04/18/2012 03:52 pm ET Updated Jun 18, 2012

Fraud, Abuse in Small Business Contracting Programs Needs to End Now

One of the most important problems raised by recent news of the General Services Administration's (GSA) trip to Las Vegas on the taxpayer's dime is the abuse of federal small business contracting programs.

The GSA Inspector General's (IG) report on over $800,000 of taxpayer money that was spent on a GSA Las Vegas "conference" in 2010 found that the GSA was guilty of "awarding a $58,000 contract to a large business in violation of small-business set-asides."

Current federal law states that 23 percent of all federal contracts must be awarded to small businesses. This is extremely important for the national economy because small businesses create 90 percent of net news jobs, according to the U.S. Census Bureau, and because the U.S. government is the world's single largest buyer of goods and services (spending more than $500 billion every year through federal contracts).

Unfortunately, fraud and abuse in small business contracting programs like what we have seen from the GSA consistently stifles economic growth and job creation. Even worse, rampant fraud and abuse in federal small business contracting programs is not exclusive to the GSA.

What hasn't been made clear by the president, Congress and the mainstream media is that the GSA scandal is a sample of what has been going on daily, at every federal agency, for over a decade.

Research into the Federal Procurement Data System by the American Small Business League suggests that federal small business contracting fraud and abuse costs small businesses over $100 million a day.

Additionally, there has literally never been a single federal investigation into federal small business contracting programs that did not reveal blatant instances of large companies receiving federal small business contracts. A series of over a dozen federal investigations conducted since 2003 confirm that every year tens of billions of dollars worth of federal contracts that are meant for small businesses are illegally diverted to large companies.

As a result, the national economy suffers and small businesses receive far less than 23 percent of all federal contracts.

GSA IG Brian Miller testified before the House Oversight and Government Reform Committee on Monday, confirming that the bidding process for the $58,000 small business contract awarded by the GSA to a large company for the Las Vegas Conference, was rigged. The favored bidder was given information about its competitors' bids. In his testimony, Mr. Miller said this was "about as much against the rules as you can think of."

Acting GSA administrator Dan Taghlerini also testified Monday that "the report details violations of ... acquisition rules, and good conduct." (Acquisition is a word that describes the process of when federal agencies issue contracts to vendors for the purchase of goods and services). In his testimony, Taghlerini promised that he is "committed to taking whatever steps necessary... to ensure that nothing like this ever happens again."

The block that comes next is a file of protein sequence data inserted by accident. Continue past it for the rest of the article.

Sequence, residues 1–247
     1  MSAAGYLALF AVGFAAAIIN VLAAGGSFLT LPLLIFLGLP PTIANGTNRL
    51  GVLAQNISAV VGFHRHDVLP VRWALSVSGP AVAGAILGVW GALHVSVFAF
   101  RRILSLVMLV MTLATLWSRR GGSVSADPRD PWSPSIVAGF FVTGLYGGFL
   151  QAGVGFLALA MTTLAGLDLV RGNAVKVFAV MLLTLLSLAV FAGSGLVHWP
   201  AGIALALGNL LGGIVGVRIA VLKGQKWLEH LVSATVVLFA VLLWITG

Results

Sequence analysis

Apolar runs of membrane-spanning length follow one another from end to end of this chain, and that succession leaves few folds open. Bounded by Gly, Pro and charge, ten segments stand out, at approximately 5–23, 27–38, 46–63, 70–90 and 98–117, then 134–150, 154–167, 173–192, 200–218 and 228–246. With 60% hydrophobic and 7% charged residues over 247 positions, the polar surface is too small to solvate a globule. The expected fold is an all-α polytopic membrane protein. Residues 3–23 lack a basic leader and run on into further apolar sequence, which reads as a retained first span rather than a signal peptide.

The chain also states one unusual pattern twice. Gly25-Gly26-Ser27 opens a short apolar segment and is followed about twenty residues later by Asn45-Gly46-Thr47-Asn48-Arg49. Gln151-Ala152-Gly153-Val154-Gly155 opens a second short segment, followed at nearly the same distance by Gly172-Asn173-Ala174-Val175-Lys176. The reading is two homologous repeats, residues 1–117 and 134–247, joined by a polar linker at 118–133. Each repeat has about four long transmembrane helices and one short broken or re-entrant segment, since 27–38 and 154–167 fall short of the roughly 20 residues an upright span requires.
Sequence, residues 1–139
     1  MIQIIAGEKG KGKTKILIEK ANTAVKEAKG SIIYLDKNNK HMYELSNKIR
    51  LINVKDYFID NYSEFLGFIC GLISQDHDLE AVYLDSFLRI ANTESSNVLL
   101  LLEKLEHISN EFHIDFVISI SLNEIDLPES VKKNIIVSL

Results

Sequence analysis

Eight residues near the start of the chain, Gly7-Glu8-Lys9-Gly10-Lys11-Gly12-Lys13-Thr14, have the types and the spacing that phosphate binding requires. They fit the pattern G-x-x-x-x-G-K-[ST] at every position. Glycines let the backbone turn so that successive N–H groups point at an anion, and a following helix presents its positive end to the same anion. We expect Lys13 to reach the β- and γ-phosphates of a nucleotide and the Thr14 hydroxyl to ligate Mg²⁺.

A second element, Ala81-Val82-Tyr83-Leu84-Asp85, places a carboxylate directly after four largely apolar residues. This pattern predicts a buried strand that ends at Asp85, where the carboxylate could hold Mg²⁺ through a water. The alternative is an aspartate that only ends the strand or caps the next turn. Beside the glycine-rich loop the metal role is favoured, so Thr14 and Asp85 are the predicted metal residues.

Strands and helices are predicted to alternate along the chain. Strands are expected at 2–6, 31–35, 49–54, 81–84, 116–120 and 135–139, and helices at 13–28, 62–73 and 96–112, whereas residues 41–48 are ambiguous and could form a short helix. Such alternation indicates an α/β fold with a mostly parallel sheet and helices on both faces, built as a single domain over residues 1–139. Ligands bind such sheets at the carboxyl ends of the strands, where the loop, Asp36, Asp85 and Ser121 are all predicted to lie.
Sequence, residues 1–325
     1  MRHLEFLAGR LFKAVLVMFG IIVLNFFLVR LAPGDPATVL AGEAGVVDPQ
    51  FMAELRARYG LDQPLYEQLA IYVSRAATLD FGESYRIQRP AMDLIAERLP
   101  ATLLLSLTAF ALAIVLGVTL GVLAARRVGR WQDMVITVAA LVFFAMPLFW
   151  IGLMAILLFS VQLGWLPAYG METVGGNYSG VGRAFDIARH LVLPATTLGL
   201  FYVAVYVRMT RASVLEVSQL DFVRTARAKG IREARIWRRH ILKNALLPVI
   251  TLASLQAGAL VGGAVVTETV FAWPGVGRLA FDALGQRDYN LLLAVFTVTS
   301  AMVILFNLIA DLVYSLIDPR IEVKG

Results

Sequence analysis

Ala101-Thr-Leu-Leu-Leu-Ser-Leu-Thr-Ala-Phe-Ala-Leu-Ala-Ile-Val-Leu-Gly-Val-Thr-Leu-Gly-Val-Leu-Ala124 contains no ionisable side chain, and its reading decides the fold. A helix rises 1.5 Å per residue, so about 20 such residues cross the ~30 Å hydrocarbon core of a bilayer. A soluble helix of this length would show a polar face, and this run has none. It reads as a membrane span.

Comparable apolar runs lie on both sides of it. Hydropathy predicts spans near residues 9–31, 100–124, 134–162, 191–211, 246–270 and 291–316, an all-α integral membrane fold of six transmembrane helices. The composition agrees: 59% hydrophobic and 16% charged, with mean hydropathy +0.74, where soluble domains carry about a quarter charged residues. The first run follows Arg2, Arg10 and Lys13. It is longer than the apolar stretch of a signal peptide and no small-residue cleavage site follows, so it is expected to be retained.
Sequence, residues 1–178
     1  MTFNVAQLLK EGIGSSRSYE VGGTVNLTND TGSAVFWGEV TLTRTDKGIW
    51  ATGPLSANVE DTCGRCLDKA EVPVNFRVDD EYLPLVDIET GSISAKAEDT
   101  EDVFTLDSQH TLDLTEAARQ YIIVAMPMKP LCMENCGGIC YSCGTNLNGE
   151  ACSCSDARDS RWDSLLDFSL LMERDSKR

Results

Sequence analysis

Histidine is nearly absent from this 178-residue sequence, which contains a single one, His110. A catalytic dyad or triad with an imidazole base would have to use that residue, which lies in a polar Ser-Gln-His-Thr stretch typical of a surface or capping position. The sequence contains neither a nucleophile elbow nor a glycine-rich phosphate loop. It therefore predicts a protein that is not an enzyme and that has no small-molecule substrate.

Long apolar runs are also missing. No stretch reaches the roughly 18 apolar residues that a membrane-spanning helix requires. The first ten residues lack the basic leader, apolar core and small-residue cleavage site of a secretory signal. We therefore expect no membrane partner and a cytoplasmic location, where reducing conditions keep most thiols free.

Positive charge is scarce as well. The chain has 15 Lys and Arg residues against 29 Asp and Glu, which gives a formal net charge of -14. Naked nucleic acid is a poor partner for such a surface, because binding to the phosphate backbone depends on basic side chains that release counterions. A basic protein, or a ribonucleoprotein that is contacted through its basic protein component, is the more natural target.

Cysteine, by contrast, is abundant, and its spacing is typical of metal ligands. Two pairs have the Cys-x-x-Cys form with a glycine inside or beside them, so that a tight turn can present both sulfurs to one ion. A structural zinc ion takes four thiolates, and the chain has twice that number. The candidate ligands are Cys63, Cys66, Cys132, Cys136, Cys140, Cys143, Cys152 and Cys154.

Therefore, the American Small Business League would like to renew dialogue about abuse of federal small business contracting programs.

We ask that the GSA official who rigged the bidding process in Las Vegas and awarded a contract that should have been a small business set-aside to a large company be investigated for felony contracting fraud and prosecuted to the fullest extent of the law if found guilty.

Section 16(d) of the Small Business Act states, "whoever misrepresents the status of any concern or person as a 'small business concern,'" shall be subject to a fine of as much as $500,000, up to 10 years in prison, or both. ASBL attorneys believe contracting officers and government officials fall under the jurisdiction of section 16(d).

Failing to prosecute government officials and firms who commit felony contracting fraud will ensure that contracting abuses continue to occur every day in the federal marketplace. In fact, Government Accountability Office report 10-108 found that "By failing to hold firms accountable, SBA and contracting agencies send a message to the contracting community that there is no punishment or consequences for committing fraud." The same obviously applies to government officials.

To Mr. Taghlerini: When you swore before Congress on Monday that you would ensure that nothing like we have seen at the GSA Las Vegas "conference" would ever happen again, I hope that meant you would act to end the diversion of federal small business contracts to large companies government-wide, starting with your own agency.